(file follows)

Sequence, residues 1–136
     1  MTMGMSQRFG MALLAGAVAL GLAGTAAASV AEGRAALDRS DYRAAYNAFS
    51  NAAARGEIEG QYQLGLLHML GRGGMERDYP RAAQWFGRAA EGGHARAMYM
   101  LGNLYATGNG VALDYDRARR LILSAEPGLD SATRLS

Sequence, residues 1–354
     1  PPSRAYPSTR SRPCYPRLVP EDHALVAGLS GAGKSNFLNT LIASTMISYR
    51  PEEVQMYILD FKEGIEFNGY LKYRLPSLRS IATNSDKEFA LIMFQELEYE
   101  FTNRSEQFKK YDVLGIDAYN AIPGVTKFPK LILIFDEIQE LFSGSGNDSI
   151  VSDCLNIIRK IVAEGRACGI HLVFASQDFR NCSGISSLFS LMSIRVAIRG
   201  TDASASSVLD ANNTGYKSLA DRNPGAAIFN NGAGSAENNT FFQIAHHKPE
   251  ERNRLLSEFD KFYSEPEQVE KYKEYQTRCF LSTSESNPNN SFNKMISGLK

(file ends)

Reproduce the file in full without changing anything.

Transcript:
Sequence, residues 1–136
     1  MTMGMSQRFG MALLAGAVAL GLAGTAAASV AEGRAALDRS DYRAAYNAFS
    51  NAAARGEIEG QYQLGLLHML GRGGMERDYP RAAQWFGRAA EGGHARAMYM
   101  LGNLYATGNG VALDYDRARR LILSAEPGLD SATRLS

Sequence, residues 1–354
     1  PPSRAYPSTR SRPCYPRLVP EDHALVAGLS GAGKSNFLNT LIASTMISYR
    51  PEEVQMYILD FKEGIEFNGY LKYRLPSLRS IATNSDKEFA LIMFQELEYE
   101  FTNRSEQFKK YDVLGIDAYN AIPGVTKFPK LILIFDEIQE LFSGSGNDSI
   151  VSDCLNIIRK IVAEGRACGI HLVFASQDFR NCSGISSLFS LMSIRVAIRG
   201  TDASASSVLD ANNTGYKSLA DRNPGAAIFN NGAGSAENNT FFQIAHHKPE
   251  ERNRLLSEFD KFYSEPEQVE KYKEYQTRCF LSTSESNPNN SFNKMISGLK